June 17th, 2015
The streets of the wartime city are full of kids and youth.
The sun is blazing, though the exhausting steppe heat has not yet set in.
–Rus, Rus, look! Are they fixing up the church?
–And what’s this?
I twist and turn in the car like a beetle, Ruslan gives amused answers as if I were asking him about something strange.
Not many people simply walking around on Sunday. Some are tending to their private gardens, some are at home with families.
In the center, under the Lenin monument, the pile of shell fragments is slowly shrinking – apparently someone is carrying them off.
There city proper has not been shelled for almost a year.
There’s uninterrupted explosions around the outskirts, though. Kalinovo,
Molodezhnoye, Novoaleksandrovka, and other villages are still in the
line of fire.
–Let’s go to our city park. You’ll see what they built there.
The park is drowning in greenery like the rest of the Donbass, on the eve of a hot summer which will dry it all up.
There is a new playground which is full of kids. A girl sitting on a toy car laughs and says to us:
–Nice playground, but they forgot a bench.
–No big deal, we’ll make one.
The city is building itself back up. There are kindergartens, schools are graduating students.
Houses are being rebuilt, apartments are getting new windows.
Many people are unhappy their turn hasn’t come yet.
But the first buildings to be rebuilt are the big apartment blocks. Private homes receive only construction materials.
When you read that Alchevsk had 400 houses damaged, you can’t believe
it, because the city looks untouched. Few shells or rockets landed within city limits. Then you realize that “damaged” can also mean shattered windows.
There isn’t a
single house in Pervomaysk that’s undamaged. Hundreds of houses had
entire apartments burnt out. Dozens were utterly destroyed, to the
foundations, or had entire sections collapse. The house in the first photo is missing a whole large section on the right side – it was dismantled due to being too damaged to rebuild.
We keep walking and my jaw drops. There is a working fountain in the park.
–How? Your water supply hasn’t been restored yet!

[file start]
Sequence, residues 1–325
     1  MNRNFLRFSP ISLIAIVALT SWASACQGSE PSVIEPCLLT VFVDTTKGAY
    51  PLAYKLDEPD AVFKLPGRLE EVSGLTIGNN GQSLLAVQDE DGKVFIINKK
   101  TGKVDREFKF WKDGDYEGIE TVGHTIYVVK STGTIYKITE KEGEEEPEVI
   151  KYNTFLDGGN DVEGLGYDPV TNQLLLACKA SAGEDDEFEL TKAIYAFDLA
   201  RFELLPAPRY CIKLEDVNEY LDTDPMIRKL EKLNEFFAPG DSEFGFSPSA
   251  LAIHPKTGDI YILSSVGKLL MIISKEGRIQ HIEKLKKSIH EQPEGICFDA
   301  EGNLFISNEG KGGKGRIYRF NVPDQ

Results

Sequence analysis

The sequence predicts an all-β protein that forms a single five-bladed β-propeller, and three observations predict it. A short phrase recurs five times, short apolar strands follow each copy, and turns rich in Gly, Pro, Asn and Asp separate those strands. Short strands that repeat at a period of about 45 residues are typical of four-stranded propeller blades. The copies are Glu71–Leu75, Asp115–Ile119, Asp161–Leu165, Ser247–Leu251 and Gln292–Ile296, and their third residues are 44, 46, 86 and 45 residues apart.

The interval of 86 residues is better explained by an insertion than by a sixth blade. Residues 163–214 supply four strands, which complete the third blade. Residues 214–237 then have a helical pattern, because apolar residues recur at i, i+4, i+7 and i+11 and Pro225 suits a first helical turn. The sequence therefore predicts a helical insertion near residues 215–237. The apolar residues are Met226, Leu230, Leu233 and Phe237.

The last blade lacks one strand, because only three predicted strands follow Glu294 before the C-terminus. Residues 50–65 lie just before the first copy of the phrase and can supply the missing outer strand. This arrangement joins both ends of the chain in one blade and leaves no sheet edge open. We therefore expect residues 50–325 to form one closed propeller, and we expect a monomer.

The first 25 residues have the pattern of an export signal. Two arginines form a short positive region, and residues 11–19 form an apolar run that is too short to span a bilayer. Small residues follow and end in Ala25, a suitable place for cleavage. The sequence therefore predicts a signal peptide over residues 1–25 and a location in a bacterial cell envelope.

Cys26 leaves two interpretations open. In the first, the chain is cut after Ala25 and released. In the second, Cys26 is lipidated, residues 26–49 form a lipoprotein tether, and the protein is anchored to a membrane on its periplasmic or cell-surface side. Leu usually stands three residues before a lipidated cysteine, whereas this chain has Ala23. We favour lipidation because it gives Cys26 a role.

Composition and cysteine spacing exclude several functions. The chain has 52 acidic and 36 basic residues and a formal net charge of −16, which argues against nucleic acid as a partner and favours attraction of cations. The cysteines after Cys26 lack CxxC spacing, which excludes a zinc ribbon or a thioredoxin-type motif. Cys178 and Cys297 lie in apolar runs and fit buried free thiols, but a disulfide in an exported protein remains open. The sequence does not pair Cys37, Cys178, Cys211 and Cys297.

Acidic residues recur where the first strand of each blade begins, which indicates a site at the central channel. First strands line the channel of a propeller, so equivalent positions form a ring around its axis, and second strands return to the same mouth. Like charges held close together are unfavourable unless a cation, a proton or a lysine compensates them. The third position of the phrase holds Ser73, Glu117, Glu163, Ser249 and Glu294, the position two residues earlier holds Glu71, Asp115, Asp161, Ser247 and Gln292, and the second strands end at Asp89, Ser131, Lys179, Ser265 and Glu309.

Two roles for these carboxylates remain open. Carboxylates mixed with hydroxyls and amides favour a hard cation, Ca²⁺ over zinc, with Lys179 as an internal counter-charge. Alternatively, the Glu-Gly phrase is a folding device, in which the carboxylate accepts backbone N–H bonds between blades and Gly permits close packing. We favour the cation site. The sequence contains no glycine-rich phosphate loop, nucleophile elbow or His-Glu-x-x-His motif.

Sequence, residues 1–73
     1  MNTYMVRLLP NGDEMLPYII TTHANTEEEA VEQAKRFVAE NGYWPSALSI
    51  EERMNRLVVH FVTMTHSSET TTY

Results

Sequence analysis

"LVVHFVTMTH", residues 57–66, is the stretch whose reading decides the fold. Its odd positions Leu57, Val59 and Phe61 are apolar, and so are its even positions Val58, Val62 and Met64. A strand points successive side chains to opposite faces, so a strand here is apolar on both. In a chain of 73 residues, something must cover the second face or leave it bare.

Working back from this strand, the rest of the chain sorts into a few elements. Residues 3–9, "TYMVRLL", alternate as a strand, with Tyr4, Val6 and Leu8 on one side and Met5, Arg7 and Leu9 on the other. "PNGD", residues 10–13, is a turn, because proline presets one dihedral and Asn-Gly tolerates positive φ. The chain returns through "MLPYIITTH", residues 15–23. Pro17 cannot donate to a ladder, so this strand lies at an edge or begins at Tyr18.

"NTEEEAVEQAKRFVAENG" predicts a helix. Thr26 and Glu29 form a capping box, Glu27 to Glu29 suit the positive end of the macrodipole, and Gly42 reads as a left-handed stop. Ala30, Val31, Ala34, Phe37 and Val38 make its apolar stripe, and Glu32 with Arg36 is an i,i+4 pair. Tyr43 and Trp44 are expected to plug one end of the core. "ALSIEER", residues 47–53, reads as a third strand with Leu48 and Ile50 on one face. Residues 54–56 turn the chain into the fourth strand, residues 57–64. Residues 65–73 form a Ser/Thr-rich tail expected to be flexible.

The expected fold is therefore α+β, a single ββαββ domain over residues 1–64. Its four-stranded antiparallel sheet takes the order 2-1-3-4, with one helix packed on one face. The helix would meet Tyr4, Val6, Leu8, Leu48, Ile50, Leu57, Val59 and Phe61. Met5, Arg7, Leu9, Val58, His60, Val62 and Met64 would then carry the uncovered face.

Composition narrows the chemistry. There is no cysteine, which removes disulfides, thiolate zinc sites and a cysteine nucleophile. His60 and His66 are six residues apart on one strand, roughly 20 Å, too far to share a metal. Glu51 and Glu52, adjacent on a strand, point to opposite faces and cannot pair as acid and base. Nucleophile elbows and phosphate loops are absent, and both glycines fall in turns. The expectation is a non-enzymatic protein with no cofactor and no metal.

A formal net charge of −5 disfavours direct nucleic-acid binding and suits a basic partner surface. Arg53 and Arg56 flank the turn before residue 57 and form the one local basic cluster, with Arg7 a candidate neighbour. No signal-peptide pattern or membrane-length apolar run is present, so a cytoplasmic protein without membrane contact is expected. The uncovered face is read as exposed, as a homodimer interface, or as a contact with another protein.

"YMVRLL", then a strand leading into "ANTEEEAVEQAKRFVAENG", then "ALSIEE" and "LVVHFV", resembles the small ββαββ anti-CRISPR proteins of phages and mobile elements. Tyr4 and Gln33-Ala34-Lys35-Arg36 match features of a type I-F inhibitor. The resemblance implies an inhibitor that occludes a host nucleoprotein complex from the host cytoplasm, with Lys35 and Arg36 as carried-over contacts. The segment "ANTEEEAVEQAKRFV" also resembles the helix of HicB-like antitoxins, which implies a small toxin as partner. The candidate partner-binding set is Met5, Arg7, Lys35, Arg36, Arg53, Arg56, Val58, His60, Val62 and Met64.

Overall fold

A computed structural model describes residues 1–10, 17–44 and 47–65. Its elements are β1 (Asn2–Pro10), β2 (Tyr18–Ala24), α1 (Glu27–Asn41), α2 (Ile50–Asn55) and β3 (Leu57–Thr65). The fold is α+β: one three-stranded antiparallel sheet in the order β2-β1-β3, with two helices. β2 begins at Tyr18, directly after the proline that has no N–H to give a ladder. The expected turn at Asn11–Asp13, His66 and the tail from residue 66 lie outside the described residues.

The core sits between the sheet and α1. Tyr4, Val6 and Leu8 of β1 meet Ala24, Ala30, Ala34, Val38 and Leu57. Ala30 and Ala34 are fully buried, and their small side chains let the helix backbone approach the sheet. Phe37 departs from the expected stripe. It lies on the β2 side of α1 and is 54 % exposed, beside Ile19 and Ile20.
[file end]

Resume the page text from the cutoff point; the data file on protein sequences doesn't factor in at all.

The city was without water for over a year–it was distributed into
containers, building by building. Last summer the Ukrainian army
destroyed Pervomaysk’s water supply system. We played our small part in
–Our youth organization fixed it. They put on their rubber boots and cleaned everything up.
Water is now available once every two days, between 5 pm and 8 pm hours. It’s available less often in some outlying areas. Some LPR
cities and towns get water only once a week.
The Pervomaysk fountain works only during the weekends, and has its own recycled water supply.
You can find empty bottles in every apartment, house, and stairwell. People have adapted.
Ukraine shut down gas supply for the city about a month ago, after our visit here in April.
But the city administration responded immediately and a couple of days later gas was available again.
They laid the pipes all the way from Irmino.
City government is doing the best it can even though the situation is still very difficult.
Even though it’s been quiet and no people have been killed for a while, everyone understands what is happening.
Some people still prefer to sleep in the cellars, which surprised me.
They are still afraid.
–Heads or tails?
The Gukovo customs came up three times. Izvarino not even once.
–Let’s risk it.
The customs guy looks at the totally packed car and thunders:–Unload everything.
–What do you mean, everything? The car is full!
–Everything means everything, miss.
My hands start to shake, and the asphalt around the car is gradually covered with packed bags.
–What’s this? Unpack it. And this?
The customs officer takes out a rubber doll and a child’s sweater, uncovering 10 bottles underneath. I pre-empt him:
–Each of these bottles costs 450 rubles! [$7 – ed.] And in LPR they are even more expensive, and people don’t have money for them.–So maybe they should buy something else?Here I get angry:–They can’t eat something else!
Nearly all this food is for the girl Vika, for whom it’s a matter of life and death. Each bottle represents a meal. She can’t eat anything else. The family doesn’t have the money. My voice cracking, I look for the package with feeding probes and syringes to show him what I’m talking about. A wheelchair is right next to it. The customs officer acquiesces.
–Fine. What’s this? Also food?–Well, yes.–Are you carrying medicines, painkillers, and prescription drugs?–Of course not!
The customs officer approached each of the packets while my heart kept descending into my stomach.